Supreme Court decision on phone data admissibility may be fatal blow to Graham Dwyer appeal

Dwyer made similar, not identical, arguments in appeal against murder conviction

Graham Dwyer was convicted in 2015 of the murder of Elaine O Hara. Photograph: Cyril Byrne

Graham Dwyer’s protracted bid to overturn his murder conviction may have suffered a significant setback, perhaps even a fatal blow, at the Supreme Court.

The court’s six to one rejection on Monday of arguments, in separate but linked appeals by Caolán Smyth and Gary McAreavey, that phone metadata evidence was inadmissible at their trials could herald bad news for Dwyer.

Lawyers for Dwyer made similar, although not identical, arguments to the Supreme Court about the admissibility of phone data, in his separate appeal aimed at overturning his 2015 conviction for the murder of Elaine O’Hara. Judgment on Dwyer’s appeal is expected within weeks.

In long-running civil proceedings that went to the High Court, Supreme Court and Court of Justice of the European Union, Dwyer had successfully challenged the validity of section six of the 2011 Communications (Retention of Data) Act which permitted phone metadata to be retained “on a general and indiscriminate basis”. In its April 2022 judgment, the CJEU found Ireland’s data-retention regime breached EU law.


A core issue in the Smith/McAreavey cases concerned the circumstances in which data obtained in breach of EU charter rights is admissible in evidence against an accused.

Supreme Court finds phone data was admissible in ruling which could influence awaited Graham Dwyer decisionOpens in new window ]

In judgments delivered by Mr Justice Maurice Collins, the majority ruled the test for admissibility was as set out by the Supreme Court in the landmark JC case of 2015 overturning the ‘exclusionary’ rule that unconstitutionally obtained evidence is inadmissible.

In JC, the Supreme Court held evidence obtained unconstitutionally would be admissible if the prosecution could show the breach was due to inadvertence, not deliberate or conscious, and it set out a test in that regard.

The application of the JC test to the Smyth/McAreavey cases involved an “objective assessment” by the Supreme Court of whether it was reasonable for gardaí to rely on the 2011 Act, or whether such reliance involved a deliberate or conscious breach of the charter.

That assessment resulted in the court concluding the breach of charter rights in both cases had not been “deliberate or conscious”. The 2011 Act was law in 2017 when the data in question was retained and accessed and was not so “manifestly invalid” it was unreasonable or not proper for gardaí to rely on it.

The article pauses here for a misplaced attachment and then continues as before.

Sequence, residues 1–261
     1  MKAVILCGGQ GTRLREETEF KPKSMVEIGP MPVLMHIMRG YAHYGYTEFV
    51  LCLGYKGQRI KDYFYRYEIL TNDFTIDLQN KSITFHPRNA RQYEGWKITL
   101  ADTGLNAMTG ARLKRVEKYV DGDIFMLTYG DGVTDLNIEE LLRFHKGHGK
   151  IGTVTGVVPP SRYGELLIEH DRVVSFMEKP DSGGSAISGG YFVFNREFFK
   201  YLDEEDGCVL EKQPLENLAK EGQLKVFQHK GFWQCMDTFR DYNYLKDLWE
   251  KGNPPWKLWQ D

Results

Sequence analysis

The illegality, the court said, arose as a result of a subsequent legal development, the combined effect of the CJEU decision upholding Dwyer’s challenge and the Supreme Court’s declaration that section six of the 2011 Act breached the EU charter.

The court’s balance of competing rights and interests is also potentially adverse to Dwyer. The community’s interest in the effective adjudication of the merits of the cases against Mr Smyth and Mr McAreavey “weighed decisively” in favour of admitting the evidence, Mr Justice Collins said. Excluding it would “bring the administration of justice into disrepute”.

Senior counsel Ronan Lupton, a specialist in data-protection and privacy law, sees few positives for Dwyer in Monday’s judgment. “Considering the majority court’s application of the JC test, It doesn’t bode well for Graham Dwyer,” he said.

Dwyer may find a crumb of comfort in the dissenting judgment of Mr Justice Gerard Hogan, who found the 2011 Act breached article eight of the EU charter and the phone data was inadmissible at the Smyth/McAreavey trials.

Although the suppression of crime is an important public interest, so too was the maintenance of the rule of law and respect for the application of EU law and the charter, he said.

His criticism of the continuing use in 2017 of the 2011 Act as “reckless and grossly negligent” echoes concerns about the Act voiced over years by data privacy campaigners, including Digital Rights Ireland. In 2014, the group won a CJEU challenge to the validity of the 2006 European Data Retention Directive that the 2011 Act was introduced to transpose.